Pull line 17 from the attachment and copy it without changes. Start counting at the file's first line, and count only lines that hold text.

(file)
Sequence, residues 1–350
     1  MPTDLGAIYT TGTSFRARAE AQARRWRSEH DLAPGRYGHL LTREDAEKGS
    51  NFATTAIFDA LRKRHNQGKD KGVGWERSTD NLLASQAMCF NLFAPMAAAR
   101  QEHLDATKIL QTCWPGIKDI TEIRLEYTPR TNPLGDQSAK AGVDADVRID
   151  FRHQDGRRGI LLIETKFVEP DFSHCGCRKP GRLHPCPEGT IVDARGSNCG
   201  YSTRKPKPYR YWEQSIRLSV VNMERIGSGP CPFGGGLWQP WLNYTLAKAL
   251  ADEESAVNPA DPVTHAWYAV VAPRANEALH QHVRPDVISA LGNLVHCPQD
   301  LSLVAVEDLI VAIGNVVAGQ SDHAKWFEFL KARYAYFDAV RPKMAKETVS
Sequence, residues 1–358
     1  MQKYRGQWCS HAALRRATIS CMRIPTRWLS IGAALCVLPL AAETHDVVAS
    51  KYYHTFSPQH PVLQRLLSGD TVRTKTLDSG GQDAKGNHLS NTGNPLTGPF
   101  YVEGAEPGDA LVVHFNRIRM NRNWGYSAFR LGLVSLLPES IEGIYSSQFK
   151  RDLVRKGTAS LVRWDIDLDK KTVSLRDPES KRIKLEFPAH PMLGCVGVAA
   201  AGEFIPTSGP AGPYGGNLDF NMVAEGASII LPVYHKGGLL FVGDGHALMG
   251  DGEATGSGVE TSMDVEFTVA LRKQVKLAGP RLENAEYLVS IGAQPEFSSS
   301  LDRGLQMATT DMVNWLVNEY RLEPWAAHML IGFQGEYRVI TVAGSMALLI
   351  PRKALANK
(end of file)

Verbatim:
   351  PRKALANK